As in the ancient days the priestly power, in spite of its long-continued struggle, was subdued by the more powerful royal power, so, in modern times, before the violent blow of the newly-risen Vaishya power, many a kingly crown has to kiss the ground, many a sceptre is for ever broken to pieces. Only those few thrones which are allowed still to exercise some power in some of the civilised countries and make a display of their royal pomp and grandeur are all maintained solely by the vast hordes of wealth of these Vaishya communities — the dealers in salt, oil, sugar, and wine — and kept up as a magnificent and an imposing front. and as a means of glorification to the really governing body behind, the Vaishyas.
That mighty newly-risen Vaishya power — at whose command, electricity carries messages in an instant from one pole to another, whose highway is the vast ocean, with its mountain-high waves, at whose instance, commodities are being carried with the greatest ease from one part of the globe to another, and at whose mandate, even the greatest monarchs tremble — on the white foamy crest of that huge wave the all-conquering Vaishya power, is installed the majestic throne of England in all its grandeur.
Therefore the conquest of India by England is not a conquest by Jesus or the Bible as we are often asked to believe. Neither is it like the conquest of India by the Moguls and the Pathans. But behind the name of the Lord Jesus, the Bible, the magnificent palaces, the heavy tramp of the feet of armies consisting of elephants, chariots, cavalry, and infantry, shaking the earth, the sounds of war trumpets, bugles, and drums, and the splendid display of the royal throne, behind all these, there is always the virtual presence of England — that England whose war flag is the factory chimney, whose troops are the merchantmen, whose battlefields are the market-places of the world, and whose Empress is the shining Goddess of Fortune herself! It is on this account I have said before that it is indeed an unseen novelty, this conquest of India by England. What new revolution will be effected in India by her clash with the new giant power, and as the result of that revolution what new transformation is in store for future India, cannot be inferred from her past history.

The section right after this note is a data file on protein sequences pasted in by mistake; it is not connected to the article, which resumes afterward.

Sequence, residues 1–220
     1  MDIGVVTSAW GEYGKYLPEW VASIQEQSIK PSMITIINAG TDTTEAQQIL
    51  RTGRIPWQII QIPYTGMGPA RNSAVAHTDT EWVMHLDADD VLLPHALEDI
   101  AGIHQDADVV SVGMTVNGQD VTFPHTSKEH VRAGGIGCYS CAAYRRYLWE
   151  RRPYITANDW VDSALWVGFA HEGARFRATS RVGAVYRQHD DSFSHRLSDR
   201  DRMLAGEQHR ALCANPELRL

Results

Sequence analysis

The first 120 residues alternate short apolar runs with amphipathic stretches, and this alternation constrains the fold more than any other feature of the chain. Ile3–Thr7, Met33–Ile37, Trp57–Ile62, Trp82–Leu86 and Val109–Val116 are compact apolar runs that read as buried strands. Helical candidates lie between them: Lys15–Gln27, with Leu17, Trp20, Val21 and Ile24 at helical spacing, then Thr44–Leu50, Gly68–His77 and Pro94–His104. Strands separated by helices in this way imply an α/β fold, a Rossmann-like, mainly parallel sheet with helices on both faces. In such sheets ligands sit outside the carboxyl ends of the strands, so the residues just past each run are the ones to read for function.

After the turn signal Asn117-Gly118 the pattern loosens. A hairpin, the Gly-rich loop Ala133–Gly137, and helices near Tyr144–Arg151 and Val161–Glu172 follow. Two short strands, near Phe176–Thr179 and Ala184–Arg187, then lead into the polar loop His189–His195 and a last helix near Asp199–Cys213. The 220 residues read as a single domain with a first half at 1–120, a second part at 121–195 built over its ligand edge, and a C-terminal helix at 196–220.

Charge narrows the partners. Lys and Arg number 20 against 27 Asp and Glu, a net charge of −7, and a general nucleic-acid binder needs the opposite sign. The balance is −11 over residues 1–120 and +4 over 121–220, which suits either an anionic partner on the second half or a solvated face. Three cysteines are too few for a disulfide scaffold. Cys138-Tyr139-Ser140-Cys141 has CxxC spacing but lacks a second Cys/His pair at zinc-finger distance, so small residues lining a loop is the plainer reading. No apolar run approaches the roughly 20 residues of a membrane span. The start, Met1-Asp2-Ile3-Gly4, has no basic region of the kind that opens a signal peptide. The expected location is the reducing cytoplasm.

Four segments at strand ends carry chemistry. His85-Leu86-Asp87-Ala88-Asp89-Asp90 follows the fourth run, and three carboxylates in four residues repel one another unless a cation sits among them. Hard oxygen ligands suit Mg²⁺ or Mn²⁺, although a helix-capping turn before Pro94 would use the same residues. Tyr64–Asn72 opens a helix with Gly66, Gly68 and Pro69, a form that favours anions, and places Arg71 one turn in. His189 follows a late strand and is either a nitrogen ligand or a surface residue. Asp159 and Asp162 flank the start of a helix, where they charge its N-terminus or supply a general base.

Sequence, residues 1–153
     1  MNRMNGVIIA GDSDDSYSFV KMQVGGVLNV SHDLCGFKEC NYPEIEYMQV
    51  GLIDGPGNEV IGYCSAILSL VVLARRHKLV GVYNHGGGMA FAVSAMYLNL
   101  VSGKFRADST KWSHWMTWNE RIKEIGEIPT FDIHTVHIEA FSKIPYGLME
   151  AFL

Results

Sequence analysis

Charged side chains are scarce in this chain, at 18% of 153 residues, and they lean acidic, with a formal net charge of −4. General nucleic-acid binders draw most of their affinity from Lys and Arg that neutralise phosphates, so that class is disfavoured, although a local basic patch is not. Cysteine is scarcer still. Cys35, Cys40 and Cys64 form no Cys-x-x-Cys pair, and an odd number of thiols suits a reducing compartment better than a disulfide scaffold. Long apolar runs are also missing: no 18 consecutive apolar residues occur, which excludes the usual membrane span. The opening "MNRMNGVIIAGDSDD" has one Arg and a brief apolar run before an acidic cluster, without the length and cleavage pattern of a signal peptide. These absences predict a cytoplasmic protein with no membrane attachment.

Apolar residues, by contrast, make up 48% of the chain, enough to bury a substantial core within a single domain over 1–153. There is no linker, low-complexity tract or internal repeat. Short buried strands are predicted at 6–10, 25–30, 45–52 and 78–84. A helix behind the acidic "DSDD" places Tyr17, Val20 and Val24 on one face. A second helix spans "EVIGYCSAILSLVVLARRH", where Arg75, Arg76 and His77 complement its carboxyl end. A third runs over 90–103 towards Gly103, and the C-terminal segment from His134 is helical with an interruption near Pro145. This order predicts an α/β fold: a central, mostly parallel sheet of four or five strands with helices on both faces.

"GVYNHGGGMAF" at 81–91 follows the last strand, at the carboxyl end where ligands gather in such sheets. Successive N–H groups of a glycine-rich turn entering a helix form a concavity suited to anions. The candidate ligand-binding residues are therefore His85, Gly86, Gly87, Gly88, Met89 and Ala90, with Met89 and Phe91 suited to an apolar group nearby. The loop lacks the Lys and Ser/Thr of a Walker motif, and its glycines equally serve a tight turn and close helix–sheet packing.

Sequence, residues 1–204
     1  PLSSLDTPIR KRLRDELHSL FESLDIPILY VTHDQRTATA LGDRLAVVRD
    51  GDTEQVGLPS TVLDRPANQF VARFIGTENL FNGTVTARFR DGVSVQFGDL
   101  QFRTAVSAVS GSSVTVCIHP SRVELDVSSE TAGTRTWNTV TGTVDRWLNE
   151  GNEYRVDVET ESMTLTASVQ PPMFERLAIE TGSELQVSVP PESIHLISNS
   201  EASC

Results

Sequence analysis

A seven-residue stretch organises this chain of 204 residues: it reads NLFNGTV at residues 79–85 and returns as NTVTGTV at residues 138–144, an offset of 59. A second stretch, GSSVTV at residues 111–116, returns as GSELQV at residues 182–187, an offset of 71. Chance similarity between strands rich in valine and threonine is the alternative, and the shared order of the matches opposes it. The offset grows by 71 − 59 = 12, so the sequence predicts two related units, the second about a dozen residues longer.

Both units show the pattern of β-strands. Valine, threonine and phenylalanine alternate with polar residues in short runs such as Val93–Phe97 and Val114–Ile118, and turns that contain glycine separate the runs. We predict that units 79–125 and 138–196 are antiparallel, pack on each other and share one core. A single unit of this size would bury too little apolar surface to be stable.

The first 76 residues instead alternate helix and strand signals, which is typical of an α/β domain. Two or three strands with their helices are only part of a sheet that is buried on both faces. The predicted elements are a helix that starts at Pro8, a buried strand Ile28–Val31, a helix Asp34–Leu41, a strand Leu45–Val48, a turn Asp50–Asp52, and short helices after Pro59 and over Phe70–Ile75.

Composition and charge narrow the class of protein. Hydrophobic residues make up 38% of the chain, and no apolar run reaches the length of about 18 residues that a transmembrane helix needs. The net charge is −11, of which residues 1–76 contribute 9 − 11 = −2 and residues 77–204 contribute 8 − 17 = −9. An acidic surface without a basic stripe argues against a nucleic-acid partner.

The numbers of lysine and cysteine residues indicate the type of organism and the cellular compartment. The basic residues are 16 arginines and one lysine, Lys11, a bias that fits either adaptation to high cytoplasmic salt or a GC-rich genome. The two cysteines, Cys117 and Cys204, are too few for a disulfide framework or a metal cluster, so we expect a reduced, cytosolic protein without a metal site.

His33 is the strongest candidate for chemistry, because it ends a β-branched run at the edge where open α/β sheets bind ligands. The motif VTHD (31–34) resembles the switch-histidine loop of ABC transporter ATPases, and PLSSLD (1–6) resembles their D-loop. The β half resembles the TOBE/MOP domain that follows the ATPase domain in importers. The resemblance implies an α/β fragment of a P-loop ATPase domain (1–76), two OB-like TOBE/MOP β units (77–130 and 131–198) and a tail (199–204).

I have stated previously that the four castes, Brahmin, Kshatriya, Vaishya, and Shudra do, in succession, rule the world. During the period of supreme authority exercised by each of these castes, some acts are accomplished which conduce to the welfare of the people, while others are injurious to them.
The foundation of the priestly power rests on intellectual strength, and not on the physical strength of arms. Therefore, with the supremacy of the priestly power, there is a great prevalence of intellectual and literary culture. Every human heart is always anxious for communication with, and help from, the supersensuous spiritual world. The entrance to that world is not possible for the generality of mankind; only a few great souls who can acquire a perfect control over their sense-organs and who are possessed with a nature preponderating with the essence of Sattva Guna are able to pierce the formidable wall of matter and come face to face, as it were, with the supersensuous — it is only they who know the workings of the kingdom that bring the messages from it and show the way to others. These great souls are the priests, the primitive guides, leaders, and movers of human societies.